Further to the above, a fourth issue is how insolvency matters are to be addressed at the judicial level, both in terms of the required expertise (keeping in mind especially the above transnational or other foreign instruments and their impact on insolvency proceedings) and the uniform application of any implemented measures in a – for now – heavily fragmented insolvency landscape. In the Eurozone (but not for other Member States), we have at least a uniform resolution regime for banks in the Single Resolution Mechanism (SRM), supported for all of the EU by the fundamentals of the Bank Recovery and Resolution Directive (BRRD). It is a resolution facility without precise rules, where much is left to a specialized regulator, the Single Resolution Board (SRB), which has substantial discretion, makes a plan, and advises national resolution authorities, all subject to the final authority of the EU Commission. Such a set-up is bound to create serious problems as there is no clear system of legal protection for private stakeholders, but it makes a contribution in so far that it demonstrates the administrative character of the facility and points into the direction of the need for substantial judicial discretion to make a harmonized approach work and effective. It also concords with the more activist approach that reorganization proceedings may require from the judiciary. In common law countries, this is perhaps intuitively better understood as in those countries the bankruptcy jurisdiction belongs to the courts of equity (cf. also the experience under the US dual system with the bankruptcy courts taking their latitude in matters of valuation). The Lehman cases were the more recent example of a flexibility civil law hardly has.18xSee J.H. Dalhuisen, Dalhuisen on Transnational and Comparative Commercial, Financial and Trade law, Volume 1, 7th ed., Oxford: Hart Publishing 2019, p. 611. For a harmonized system to work properly in the EU, this may mean a need for a specialized EU court to make sure of sufficient specialized expertise, especially at the lower level, and a (reasonably) uniform application. It could be the ECJ or a special chamber, but it needs to be carefully considered that such a court would then have to work within the narrower confines of typical EU law and that may prove to be too restrictive. Under a treaty approach, it might be better to experiment with a separate specialized court.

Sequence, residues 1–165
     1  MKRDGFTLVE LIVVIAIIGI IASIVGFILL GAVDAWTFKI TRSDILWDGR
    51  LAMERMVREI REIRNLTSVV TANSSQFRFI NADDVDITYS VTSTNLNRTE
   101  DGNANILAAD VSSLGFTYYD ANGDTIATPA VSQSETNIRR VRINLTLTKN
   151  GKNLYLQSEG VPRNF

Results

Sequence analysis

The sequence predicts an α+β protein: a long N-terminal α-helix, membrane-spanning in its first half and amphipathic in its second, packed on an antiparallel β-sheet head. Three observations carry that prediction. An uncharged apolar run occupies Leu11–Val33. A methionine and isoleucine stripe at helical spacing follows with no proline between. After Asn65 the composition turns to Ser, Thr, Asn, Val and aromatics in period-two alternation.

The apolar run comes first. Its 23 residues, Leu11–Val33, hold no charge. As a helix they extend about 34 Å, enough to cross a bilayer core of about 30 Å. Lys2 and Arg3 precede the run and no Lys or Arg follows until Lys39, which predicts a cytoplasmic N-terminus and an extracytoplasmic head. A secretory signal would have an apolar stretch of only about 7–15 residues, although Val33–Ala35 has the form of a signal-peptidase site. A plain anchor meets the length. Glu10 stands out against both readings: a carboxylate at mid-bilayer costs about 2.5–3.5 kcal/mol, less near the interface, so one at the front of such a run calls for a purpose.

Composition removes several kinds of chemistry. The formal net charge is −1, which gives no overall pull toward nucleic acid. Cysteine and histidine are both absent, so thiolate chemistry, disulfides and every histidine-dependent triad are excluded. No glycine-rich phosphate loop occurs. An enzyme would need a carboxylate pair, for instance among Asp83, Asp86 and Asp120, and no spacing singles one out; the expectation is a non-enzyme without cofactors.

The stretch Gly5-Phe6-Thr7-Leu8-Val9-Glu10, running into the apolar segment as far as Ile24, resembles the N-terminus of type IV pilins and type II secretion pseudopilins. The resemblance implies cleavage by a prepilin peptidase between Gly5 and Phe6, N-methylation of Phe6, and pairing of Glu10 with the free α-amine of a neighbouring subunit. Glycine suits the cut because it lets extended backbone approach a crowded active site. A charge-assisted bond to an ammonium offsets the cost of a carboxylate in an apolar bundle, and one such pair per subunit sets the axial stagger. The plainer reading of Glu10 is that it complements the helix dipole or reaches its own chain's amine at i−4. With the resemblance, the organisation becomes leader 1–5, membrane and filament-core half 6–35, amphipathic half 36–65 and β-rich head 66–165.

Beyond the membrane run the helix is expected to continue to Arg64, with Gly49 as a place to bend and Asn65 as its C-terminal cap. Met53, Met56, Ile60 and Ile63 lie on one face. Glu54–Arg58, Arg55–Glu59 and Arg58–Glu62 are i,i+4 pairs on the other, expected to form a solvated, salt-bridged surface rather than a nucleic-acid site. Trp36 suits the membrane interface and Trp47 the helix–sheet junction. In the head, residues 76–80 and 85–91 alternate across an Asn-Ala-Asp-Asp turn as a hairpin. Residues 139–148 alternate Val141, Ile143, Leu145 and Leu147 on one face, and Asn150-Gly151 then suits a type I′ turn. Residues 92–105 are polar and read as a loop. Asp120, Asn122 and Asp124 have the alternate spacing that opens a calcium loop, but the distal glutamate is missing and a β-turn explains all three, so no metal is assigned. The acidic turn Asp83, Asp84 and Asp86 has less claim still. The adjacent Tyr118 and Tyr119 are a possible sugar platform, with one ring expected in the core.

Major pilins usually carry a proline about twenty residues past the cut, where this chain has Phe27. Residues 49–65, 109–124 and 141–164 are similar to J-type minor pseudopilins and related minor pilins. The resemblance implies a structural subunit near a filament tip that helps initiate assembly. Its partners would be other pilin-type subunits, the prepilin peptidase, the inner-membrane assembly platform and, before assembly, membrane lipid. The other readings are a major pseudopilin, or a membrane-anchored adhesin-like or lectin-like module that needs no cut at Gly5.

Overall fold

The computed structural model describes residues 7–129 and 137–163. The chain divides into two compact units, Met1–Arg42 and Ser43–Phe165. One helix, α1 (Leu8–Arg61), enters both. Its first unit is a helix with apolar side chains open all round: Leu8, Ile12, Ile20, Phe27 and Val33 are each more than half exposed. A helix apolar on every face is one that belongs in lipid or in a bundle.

A fifth basic issue that needs consideration is whether a harmonized insolvency law in the business sphere would be oriented towards liquidation or reorganization. Unlike what many academics seem to think, reorganization is no panacea for all problems, especially if a debtor is not economically viable, and the prompt cleaning out of the market place is an important issue for its proper functioning and operation. That is more in particular relevant in the service and startup industries and needs perhaps more careful consideration in a post-industrial environment. Liquidation is not a dirty word; mainly when problems are temporary and can demonstrably be overcome another approach is justified, assuming that a temporary suspension of payments is not sufficient. The issue of viability here is precarious and a key assessment. It is often still considered a judicial issue, but has been abandoned in the US as unworkable. It is still part of the EU Restructuring Directive (Art. 4(3)), which is likely to serve as guidance for a fuller harmonization effort, but may well require considerable reconsideration. Again, policy and method might not have been fully considered and there was little consideration in academic writing. Rather, what is viable in this context should ultimately be left to the judgment of the private actors given the legislation induced concessions, especially in terms of stay and cram down of secured or other asset backed financing. It may on the other hand be useful to identify some provisions of the current EU Insolvency Regulation that could be adopted in potential new legislation. It is possible especially to think about the system of sub-pools of assets in different places to support main insolvency proceedings, an important feature that may remain useful in a harmonized regime.19xUnder the EU Regulation, a bankruptcy trustee’s position in a bankruptcy opened in a EU country is in principle accepted and automatically recognized in the other EU countries provided the bankruptcy is opened in the centre of the main interests (COMI) of the debtor and subject always to public policy exception. Secondary bankruptcies may be opened elsewhere where assets can be found. They are not extraterritorial within the EU but may support the main bankruptcy (if there is one) and only lead to liquidation. A key issue is that all creditors may participate, although these secondary bankruptcies or local asset pools are foremost important in respect of domestically secured creditors and their priorities in local assets. Indeed, security interests remain governed by the law of the underlying assets, which in the case of receivables is defined as the law of the Member State where each receivable debtor has its COMI (Art. 2(9)(viii)). They are not subject to suspension rights of the lex concursus except if located in the country of the main bankruptcy, or, if located elsewhere, there is a secondary bankruptcy which imposes such a suspension. Under the Regulation, the basic tension arises here from the fact that a regulatory regime such as bankruptcy is still treated like a private law event under the traditional conflict of laws rules. The corrections are then found in an enhanced public policy bar to recognition. This could still serve as a model for overcoming substantial differences in applicable legal regimes (especially relating to those issues that fall outside the direct scope of insolvency matters and may therefore not be part of a harmonized approach), although it should be realized that such a division in sub-pools tends to be liquidation-oriented and therefore sits uneasily with the reorganization of a business.